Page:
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The carnivorous nature and suffering of animals
CMI ^ | Robert J. M. Gurney

Posted on 02/20/2009 8:19:51 AM PST by GodGunsGuts

The carnivorous nature and suffering of animals

by Robert J. M. Gurney

All evolutionists and virtually all old-earth creationists believe that animals were killing and eating one another for millions of years, long before the Fall of man. Young-earth creationists argue that this is incompatible with Scripture. Old-earthers dispute the young-earthers’ interpretation of Scripture and employ at least two other counterarguments. One is that carnivorous behaviour is actually very good, and the other is that animals in the wild do not suffer. There is very good reason to believe that they do suffer; but even if they do not, carnivorous activity before the Fall remains incompatible with Scripture...

(Excerpt) Read more at creationontheweb.com ...


TOPICS: Constitution/Conservatism; Culture/Society; News/Current Events; Philosophy
KEYWORDS: carnivorous; creation; evolution; intelligentdesign; spam
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To: dread78645

Fossil history of the Great White Shark:
As in any intellectual pursuit, reconstruction of evolutionary pathways can be tainted by inherent biases of the researchers. One of the most revealing examples of this tendency is provided by the fossil White Sharks, Carcharodon carcharias and its relatives. Widely perceived as the ne plus ultra of sharkdom, the modern Great White has long been assumed to be the grandest, most polished revision of lamnoid evolution.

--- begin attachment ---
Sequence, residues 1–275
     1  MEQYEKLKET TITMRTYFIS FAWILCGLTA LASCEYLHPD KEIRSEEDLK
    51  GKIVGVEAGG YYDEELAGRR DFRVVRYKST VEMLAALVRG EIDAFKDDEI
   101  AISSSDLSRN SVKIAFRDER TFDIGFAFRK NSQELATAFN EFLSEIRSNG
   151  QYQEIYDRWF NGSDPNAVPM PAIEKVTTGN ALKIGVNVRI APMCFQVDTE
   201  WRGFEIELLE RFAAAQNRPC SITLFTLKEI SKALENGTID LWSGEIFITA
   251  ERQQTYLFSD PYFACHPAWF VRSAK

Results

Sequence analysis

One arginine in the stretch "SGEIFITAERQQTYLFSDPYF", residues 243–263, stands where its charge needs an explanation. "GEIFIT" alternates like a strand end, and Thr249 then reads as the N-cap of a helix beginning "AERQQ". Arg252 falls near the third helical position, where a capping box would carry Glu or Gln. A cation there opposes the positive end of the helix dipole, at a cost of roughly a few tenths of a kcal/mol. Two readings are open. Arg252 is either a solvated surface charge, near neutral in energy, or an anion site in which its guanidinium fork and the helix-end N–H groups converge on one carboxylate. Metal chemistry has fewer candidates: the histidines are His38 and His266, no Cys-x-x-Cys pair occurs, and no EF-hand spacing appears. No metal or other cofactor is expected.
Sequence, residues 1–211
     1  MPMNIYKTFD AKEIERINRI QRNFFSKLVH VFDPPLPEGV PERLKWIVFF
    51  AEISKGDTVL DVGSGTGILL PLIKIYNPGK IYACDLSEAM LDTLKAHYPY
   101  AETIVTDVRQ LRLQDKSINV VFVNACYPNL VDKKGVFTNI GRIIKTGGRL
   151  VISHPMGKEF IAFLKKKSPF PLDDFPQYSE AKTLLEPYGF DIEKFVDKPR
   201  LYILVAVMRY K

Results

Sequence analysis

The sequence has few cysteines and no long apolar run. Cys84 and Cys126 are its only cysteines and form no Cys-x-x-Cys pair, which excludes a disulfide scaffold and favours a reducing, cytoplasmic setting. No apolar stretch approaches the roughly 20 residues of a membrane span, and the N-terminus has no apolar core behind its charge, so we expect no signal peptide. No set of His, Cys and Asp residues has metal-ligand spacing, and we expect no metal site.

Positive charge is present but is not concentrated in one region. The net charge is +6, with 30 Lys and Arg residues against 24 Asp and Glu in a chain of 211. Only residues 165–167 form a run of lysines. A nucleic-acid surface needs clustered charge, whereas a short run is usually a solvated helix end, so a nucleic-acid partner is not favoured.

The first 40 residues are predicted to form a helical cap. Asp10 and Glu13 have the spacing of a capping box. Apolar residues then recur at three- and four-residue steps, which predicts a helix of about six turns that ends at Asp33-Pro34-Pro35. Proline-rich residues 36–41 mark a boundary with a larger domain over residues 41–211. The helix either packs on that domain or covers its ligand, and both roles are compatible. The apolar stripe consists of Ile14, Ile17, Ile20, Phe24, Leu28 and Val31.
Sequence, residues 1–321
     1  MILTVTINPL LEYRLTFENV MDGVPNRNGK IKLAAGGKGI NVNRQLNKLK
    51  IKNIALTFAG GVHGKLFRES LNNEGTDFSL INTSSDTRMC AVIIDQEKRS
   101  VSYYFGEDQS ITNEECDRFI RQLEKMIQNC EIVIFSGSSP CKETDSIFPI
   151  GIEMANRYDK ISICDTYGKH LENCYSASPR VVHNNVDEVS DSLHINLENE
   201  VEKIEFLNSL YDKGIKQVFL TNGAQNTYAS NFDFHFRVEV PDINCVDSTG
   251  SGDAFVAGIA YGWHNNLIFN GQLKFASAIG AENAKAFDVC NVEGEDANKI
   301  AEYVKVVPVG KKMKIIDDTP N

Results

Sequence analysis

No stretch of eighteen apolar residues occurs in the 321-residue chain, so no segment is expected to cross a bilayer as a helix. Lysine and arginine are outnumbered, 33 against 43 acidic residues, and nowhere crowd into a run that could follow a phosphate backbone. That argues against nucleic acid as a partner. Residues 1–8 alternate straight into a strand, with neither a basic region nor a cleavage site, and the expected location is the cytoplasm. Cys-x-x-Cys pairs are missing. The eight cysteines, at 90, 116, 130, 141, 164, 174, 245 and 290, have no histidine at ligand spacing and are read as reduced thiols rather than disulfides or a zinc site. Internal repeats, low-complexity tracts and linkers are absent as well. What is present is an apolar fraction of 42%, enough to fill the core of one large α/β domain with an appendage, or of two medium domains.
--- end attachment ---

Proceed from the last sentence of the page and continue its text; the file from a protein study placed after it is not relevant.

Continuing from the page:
The White Shark is a member of the family Lamnidae, which includes three genera: Carcharodon, Isurus, and Lamna. In Oligocene deposits about 30 million years old, teeth have been found that are very similar to those of the White Shark but lack the serrations that characterize the genus Carcharodon. Since the extant mako sharks of the genus Isurus have teeth that are always smooth-edged, these fossils have traditionally been classified as Isurus hastalis. Miocene deposits, about 23 million years old, in Italy have yielded very similar teeth, but with faint serrations near the tip of the blade. These teeth were classified as Isurus escheri, and were regarded as ‘proof’ that the modern saw-toothed great white evolved gradually from smooth-toothed mako sharks of the genus Isurus.